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Maryland Chapel Once Wedding Hub of East Coast

Bride and groom making a toast with champagne

Forget the long, drawn out wedding — Harry Williams couldn’t wait to get married to his girlfriend Charlotte back in the summer of 1964.

Williams asked his now wife if she wanted to marry him on a Monday, that Saturday, they said “I do.” But fifty years later they decided to return to their wedding site and exchange vows for the second time in the now little known Historic Little Wedding Chapel in Elkton, Maryland.

Thirty-nine percent of proposals occur between the months of November and February, while December poses as the most common month for engagements (16%). But the Williams couple was unique: They had little time, and little money to experience a grand wedding. Nowadays, couples pay an average of $4,000 for the engagement ring alone.

“He’s been an amazing husband,” said now 68-year-old Charlottle Williams. The couple recently took a private bus, packed in their closest family members and friends from New Jersey, and set out to Maryland to renew their vows.

The little town of Elkton was once considered the marriage capital of the East Coast, with more than a thousand couples tying the knot there each year due to Maryland’s lax marriage license laws. These days, New York City is the most popular East Coast City to get married in, with the average cost to get married there being $86,916.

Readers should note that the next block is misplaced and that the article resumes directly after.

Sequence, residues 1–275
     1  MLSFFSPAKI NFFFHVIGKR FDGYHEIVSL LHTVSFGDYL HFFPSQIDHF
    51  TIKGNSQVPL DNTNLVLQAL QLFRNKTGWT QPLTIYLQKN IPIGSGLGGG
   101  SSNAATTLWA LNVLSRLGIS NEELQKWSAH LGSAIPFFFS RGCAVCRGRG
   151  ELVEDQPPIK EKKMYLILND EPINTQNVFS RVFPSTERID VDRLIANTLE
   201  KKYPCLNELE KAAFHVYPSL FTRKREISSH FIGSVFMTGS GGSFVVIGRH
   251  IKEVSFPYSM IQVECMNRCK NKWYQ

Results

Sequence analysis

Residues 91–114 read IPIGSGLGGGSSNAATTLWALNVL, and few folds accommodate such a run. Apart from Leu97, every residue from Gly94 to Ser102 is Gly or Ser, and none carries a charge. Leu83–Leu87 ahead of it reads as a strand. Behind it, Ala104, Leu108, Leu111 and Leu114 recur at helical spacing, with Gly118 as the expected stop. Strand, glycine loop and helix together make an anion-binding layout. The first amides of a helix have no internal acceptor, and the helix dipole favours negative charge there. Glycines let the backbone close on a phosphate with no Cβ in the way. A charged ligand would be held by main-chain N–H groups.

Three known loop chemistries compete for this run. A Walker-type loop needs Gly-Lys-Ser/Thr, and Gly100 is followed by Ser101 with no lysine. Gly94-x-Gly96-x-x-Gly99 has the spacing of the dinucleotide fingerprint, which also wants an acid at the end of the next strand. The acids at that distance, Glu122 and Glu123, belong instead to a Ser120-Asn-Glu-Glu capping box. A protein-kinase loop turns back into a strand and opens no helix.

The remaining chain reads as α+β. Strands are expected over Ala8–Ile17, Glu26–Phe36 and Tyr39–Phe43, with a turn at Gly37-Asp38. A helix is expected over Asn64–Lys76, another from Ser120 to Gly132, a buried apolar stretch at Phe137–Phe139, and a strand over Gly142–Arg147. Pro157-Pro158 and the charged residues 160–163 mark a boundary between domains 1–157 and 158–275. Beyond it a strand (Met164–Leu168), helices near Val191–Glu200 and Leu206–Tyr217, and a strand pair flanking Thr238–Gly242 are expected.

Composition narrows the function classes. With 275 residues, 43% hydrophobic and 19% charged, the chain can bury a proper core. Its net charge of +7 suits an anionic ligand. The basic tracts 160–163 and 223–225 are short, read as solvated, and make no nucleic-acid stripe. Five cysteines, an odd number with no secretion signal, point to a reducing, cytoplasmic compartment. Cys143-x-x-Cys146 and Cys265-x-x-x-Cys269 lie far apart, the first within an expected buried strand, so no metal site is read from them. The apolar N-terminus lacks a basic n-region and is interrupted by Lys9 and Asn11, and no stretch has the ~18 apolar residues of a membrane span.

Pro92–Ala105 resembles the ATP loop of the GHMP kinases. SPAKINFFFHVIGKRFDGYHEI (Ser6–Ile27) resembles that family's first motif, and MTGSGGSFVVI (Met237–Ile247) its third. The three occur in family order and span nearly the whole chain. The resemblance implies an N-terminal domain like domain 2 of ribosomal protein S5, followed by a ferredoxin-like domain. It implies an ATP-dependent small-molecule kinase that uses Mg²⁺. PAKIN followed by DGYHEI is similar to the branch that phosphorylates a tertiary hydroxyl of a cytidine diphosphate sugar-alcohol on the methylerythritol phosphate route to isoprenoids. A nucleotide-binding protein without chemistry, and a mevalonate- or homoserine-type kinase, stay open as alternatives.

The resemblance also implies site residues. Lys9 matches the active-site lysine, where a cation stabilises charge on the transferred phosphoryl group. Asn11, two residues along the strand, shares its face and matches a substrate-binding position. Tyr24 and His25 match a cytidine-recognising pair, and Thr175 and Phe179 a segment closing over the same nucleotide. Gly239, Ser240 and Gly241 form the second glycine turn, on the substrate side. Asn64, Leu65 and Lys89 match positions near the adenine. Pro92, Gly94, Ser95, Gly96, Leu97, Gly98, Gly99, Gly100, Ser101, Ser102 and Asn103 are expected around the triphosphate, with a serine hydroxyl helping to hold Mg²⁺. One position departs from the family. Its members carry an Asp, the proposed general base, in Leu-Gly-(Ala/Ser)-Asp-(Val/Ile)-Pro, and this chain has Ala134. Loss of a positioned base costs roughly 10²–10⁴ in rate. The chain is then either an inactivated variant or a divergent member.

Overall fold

At it’s peak, the town’s “Marriage solicitors” once greeted buses and trains as they came into the area; there were billboards advertising wedding services. However, in 1939, the state passed a 48-hour waiting period for couples wanting to marry, which resulted in the number of weddings held in the town to reduce drastically.

Today, the church the Williams couple was married in still stands, yet it is the only remaining chapel in town and sees around 200 couples get married every year. This may be due to falling marriage rates around the nation, which fell more than 5% during the recession. People are getting married at an older age now, or can’t afford to be married.

“People aren’t getting married like they used to,” said chapel owner and minister Rev. Frank Smith. “There’s not that pressure [to be married].”

Even though the ceremonies at the Historic Little Wedding Chapel are short, “we take weddings very seriously here,” said Smith. And the chapel and town of Elkton is still well known as a wedding mecca.

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